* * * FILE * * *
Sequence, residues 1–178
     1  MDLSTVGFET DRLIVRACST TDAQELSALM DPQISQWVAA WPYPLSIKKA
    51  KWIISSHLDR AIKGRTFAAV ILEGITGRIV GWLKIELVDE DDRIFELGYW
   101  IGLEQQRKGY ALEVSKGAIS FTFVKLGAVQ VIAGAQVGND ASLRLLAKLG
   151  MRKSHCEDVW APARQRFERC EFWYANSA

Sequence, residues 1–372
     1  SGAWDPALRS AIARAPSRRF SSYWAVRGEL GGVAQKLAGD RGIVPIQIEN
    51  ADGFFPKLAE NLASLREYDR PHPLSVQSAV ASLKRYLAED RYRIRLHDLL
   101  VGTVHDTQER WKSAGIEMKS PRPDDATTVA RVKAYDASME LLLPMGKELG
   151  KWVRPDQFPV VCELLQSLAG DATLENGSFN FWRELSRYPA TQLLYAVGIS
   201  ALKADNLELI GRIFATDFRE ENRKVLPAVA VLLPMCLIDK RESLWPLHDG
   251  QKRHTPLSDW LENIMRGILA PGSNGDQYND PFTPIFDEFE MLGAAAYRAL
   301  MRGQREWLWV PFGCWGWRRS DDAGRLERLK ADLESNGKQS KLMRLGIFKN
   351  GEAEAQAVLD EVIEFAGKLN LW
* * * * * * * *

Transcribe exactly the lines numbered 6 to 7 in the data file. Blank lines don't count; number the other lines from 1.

Sequence, residues 1–372
     1  SGAWDPALRS AIARAPSRRF SSYWAVRGEL GGVAQKLAGD RGIVPIQIEN